Anthony R. Artino, Jr.
Department of Primary Appointment:Email
School of Medicine
Deputy Director for Graduate Programs in Health Professions Education
Location: Uniformed Services University of the Health Sciences, Bethesda, MDResearch Interests:
Academic Motivation and Emotion; Survey Methodology; Self-Regulated Learning; Undergraduate Medical Education
Online/Distance Learning; Long-Term Physician Outcomes
EducationPh.D., Educational Psychology, University of Connecticut
M.S., Instructional Systems, Florida State University
M.S., Physiology, Colorado State University
B.S., Biomedical Engineering, Rensselaer Polytechnic Institute
BiographyAnthony R. Artino, Jr. is Professor of Medicine and Deputy Director for Graduate Programs in Health Professions Education (HPE). He holds a joint appointment in the Department of Preventive Medicine and Biostatistics. A graduate of the University of Connecticut with a Ph.D. in educational psychology, Dr. Artino has accrued over 20 years of experience as a Naval Officer and, more recently, as a leader in the field of medical and health professions education. As an educator, Dr. Artino mentors and teaches graduate students in the HPE degree programs, as well as the Master of Health Administration and Policy (MHAP) and Master of Public Health (MPH) programs. As a researcher, he is the Principal Investigator (or Associate Investigator) on several funded research projects totaling more than $7.9 million, and he formerly co-Directed the School of Medicine's Long-Term Career Outcome Study (LTCOS). In these research roles, Dr. Artino collaborates with teams of scientists trained in a variety of academic disciplines, including psychology, epidemiology, physiology, medicine, and English. These interdisciplinary teams study various aspects of human motivation, learning, and performance across the medical education continuum and into clinical practice.
Dr. Artino is a Deputy Editor for the Journal of Graduate Medical Education and an Assistant Editor for Academic Medicine. He is also on the editorial boards of several other peer-reviewed journals, including Military Medicine, Military Psychology, and The Internet and Higher Education. Dr. Artino publishes his work in a variety of national and international outlets, such as Academic Medicine, Medical Education, Advances in Health Sciences Education, Medical Teacher, and Military Medicine, among others. He has published more than 150 scientific articles and book chapters, and he presents regularly at national and international conferences, including annual meetings of the American Educational Research Association, the Association of American Medical Colleges (AAMC), and the Association for Medical Education in Europe. In 2015, Dr. Artino was the chair of the Research in Medical Education (RIME) program planning committee for the AAMC’s 2015 Medical Education Meeting.
Dr. Artino has been honored for his professional contributions with several international awards, including the Arthur Melton Early Career Award from Division 19 (Military Psychology) of the American Psychological Association and the Established Investigator Award from Division I (Education in the Professions) of the American Educational Research Association.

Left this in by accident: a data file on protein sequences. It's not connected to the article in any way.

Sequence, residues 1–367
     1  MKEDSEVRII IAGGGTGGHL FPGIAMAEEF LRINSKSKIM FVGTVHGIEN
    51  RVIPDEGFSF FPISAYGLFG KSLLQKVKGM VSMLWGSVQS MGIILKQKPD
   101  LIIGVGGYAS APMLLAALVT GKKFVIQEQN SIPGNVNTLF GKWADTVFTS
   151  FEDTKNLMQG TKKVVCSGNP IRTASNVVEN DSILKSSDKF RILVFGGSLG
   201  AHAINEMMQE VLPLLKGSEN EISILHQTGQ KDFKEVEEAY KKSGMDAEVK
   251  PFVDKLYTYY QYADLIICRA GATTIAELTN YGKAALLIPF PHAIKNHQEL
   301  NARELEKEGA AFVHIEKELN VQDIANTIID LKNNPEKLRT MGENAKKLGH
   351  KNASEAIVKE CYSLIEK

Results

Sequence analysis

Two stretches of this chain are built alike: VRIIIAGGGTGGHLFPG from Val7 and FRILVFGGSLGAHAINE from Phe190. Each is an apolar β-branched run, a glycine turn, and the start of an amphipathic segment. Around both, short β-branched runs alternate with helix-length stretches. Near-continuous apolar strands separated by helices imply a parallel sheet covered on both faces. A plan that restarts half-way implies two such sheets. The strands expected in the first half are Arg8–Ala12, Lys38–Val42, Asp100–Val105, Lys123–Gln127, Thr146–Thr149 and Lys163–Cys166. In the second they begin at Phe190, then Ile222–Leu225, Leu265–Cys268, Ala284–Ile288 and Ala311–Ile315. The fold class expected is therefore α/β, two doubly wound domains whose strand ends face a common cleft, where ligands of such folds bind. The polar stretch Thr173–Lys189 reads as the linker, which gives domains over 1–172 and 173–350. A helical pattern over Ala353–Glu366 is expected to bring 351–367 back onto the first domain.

Dr. Artino’s program of research focuses on two interrelated goals: scientific understanding of teaching, learning, and assessment processes, and the development of practical applications to improve medical education. Thus, his research is guided by the principle that theory and research should work in synergy with educational practice, with each informing and improving the other. To this end, his research team employs social-cognitive views of motivation, emotion, and behavior to better understand how medical students learn across the educational continuum. Such an understanding is critical to the development of individualized instruction and feedback for trainees. In his most recent work, he led a multidisciplinary team of researchers through a series of studies designed to assess students’ motivational beliefs, achievement emotions, and use of learning strategies in medical school. This work confirmed several hypotheses, including the notion that medical students’ perceptions of the learning environment are related, in predictable ways, to their use of self-regulated learning behaviors and achievement, and that these perceptions change considerably from matriculation to graduation. These findings have implications for instructional best practices that support and scaffold adaptive learning behaviors. Dr. Artino’s team is currently designing future intervention studies to test the efficacy of such practices.
A secondary focus of Dr. Artino’s research has been the study of long-term outcomes. From 2009 to 2016, he co-directed the University’s LTCOS with Dr. Steven Durning. The purpose of the LTCOS is to collect and analyze a variety of quantitative and qualitative data before, during, and after medical school so that USU can more effectively evaluate the success of its graduates and educational programs. In just six years, the LTCOS team of more than a dozen multidisciplinary scholars presented 21 research abstracts at scientific conferences and published 65 peer-reviewed journal articles. More importantly, the work of the LTCOS has energized USU’s programmatic evaluation and student assessment efforts, transforming the institution into a leader in longitudinal evaluation and assessment that span the medical education continuum.